Dan Croll
4/5 Stars

There’s something intensely, enchantingly likeable about Dan Croll’s debut, "Sweet Disarray," probably not least because rarely has something so polished and professional emerged from an abandoned gym-turned-recording studio, self-produced with the help of friends. The British singer-songwriter burst onto the music scene in 2013 as a rising star to watch, according to iTunes, Vevo, Spotify, XFM and many others. He has opened for the likes of CHVRCHES, Bombay Bicycle Club, Haim and Bastille, and has appeared at a number of summer music festivals. With this track record, it’s no surprise that his career has skyrocketed and made “Sweet Disarray” one of 2014’s most anticipated albums.

But does “Sweet Disarray” live up to the hype? Croll draws from such a wide variety of influences that each song is both unique and unexpected, yet the album manages to find a coherent flow. It’s extraordinarily difficult to categorize, falling generally in the alt-pop genre, but doesn’t comfortably rest there. Elements of experimental African orchestra are interwoven with 1960s psychedelic groove and overlaid with synthy vocals and impressive instrumental variety. Croll’s work falls within the same vein as acts like Volcano Choir, Beirut and Bon Iver, or maybe even an extremely chilled-out Beck, at the intersection between dreamy vocals and synth beats.

‘From Nowhere’ opens the record as a perfectly representative sample of Croll’s style, a synth-pop masterpiece of undulating rhythm and soothing vocals. He is Alt-J turned down a few notches and smoothed over, or Hey Marseilles with more effects and sans violin. This is followed by the uplifting, unassuming ‘Thinking About You’ that highlights beautiful vocal layering, particularly at the bridge, and is emotionally padded with lyrics like, “Slow down, I want you to come round/To thinkin about me.”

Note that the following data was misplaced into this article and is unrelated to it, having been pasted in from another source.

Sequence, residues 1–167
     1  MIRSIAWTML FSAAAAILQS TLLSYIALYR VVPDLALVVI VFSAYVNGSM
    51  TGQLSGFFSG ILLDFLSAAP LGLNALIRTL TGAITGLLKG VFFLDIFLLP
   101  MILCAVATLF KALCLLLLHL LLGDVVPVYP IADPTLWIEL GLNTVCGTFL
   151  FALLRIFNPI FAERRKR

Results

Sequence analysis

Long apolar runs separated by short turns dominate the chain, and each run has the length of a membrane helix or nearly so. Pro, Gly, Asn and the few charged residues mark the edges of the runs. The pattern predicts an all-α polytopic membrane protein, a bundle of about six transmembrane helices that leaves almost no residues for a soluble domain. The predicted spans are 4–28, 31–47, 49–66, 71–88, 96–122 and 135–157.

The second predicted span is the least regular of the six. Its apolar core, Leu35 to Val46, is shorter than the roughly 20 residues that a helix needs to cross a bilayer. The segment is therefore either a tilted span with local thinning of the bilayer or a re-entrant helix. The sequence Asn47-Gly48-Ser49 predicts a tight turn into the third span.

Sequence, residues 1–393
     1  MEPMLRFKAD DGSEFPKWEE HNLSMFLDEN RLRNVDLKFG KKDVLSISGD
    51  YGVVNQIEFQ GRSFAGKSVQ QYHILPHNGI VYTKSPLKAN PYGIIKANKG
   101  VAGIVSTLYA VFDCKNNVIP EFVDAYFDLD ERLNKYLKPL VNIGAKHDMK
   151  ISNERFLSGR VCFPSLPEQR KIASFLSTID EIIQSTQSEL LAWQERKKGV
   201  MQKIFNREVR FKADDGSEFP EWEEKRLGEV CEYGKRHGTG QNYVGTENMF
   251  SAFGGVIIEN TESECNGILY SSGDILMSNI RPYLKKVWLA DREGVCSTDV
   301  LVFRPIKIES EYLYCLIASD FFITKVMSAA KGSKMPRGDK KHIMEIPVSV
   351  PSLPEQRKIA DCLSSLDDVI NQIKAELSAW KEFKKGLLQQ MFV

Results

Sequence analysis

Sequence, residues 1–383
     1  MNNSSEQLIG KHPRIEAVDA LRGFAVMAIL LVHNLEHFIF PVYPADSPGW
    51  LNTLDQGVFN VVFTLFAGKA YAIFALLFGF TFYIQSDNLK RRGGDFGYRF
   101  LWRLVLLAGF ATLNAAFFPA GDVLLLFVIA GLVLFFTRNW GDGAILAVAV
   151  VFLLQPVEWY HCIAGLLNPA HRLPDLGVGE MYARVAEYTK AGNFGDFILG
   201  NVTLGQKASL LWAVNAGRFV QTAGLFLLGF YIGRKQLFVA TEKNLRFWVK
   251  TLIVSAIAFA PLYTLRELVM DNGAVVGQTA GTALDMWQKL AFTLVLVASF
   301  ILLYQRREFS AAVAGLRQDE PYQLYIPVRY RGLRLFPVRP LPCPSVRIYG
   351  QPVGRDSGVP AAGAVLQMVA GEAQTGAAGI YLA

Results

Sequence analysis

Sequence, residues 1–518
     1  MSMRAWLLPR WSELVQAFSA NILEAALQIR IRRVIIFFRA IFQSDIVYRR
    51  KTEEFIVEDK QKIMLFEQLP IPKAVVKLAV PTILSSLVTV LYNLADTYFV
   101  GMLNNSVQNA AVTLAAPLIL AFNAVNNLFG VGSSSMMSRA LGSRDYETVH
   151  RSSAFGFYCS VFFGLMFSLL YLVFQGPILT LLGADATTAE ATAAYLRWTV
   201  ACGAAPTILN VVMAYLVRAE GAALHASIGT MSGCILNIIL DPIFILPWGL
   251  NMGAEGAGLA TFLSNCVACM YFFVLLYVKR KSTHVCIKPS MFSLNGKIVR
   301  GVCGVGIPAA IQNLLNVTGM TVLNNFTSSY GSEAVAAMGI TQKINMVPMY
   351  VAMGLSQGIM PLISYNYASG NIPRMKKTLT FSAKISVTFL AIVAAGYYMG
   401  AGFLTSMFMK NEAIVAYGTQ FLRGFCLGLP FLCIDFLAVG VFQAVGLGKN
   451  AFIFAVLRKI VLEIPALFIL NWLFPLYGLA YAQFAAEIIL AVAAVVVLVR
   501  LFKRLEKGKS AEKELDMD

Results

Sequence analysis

His instrumentation is executed and mixed with such flawless ease that at first the listener may hardly notice just how many different elements Croll weaves into each song. ‘Can You Hear Me’ and ‘Compliment Your Soul’ demonstrate this in cascades of soft keys and clean percussion sprinkled over strings, brass and split harmonies. His songs are graceful and infectious, seeming to echo inside even after they finish, like shimmering ‘Only Ghost’ and thoughtful ‘Maway.’

‘In/Out’ has a warm, accessible catchiness characteristic of bouncing alt-pop, simultaneously reminiscent of Paul Simon-esque world music influences. The title track is buried eighth but stands out with gorgeously arranged harmonic precision and Croll’s troubadour emotional gravitas.

His lyrics may tend towards sentimentality at times, as in ‘Home,’ but the melody is so entrancingly beautiful that this detracts little. The track is a sweet ending to Croll’s captivating debut record. Effervescent and consistently pleasant, Croll doesn’t exactly challenge the listener with songs as slopingly caressing as ‘Wanna Know,’ but his aim is clearly not to be challenging. “Sweet Disarray” is all about craftsmanship and finding harmony between disparate musical elements, and at this it resoundingly succeeds.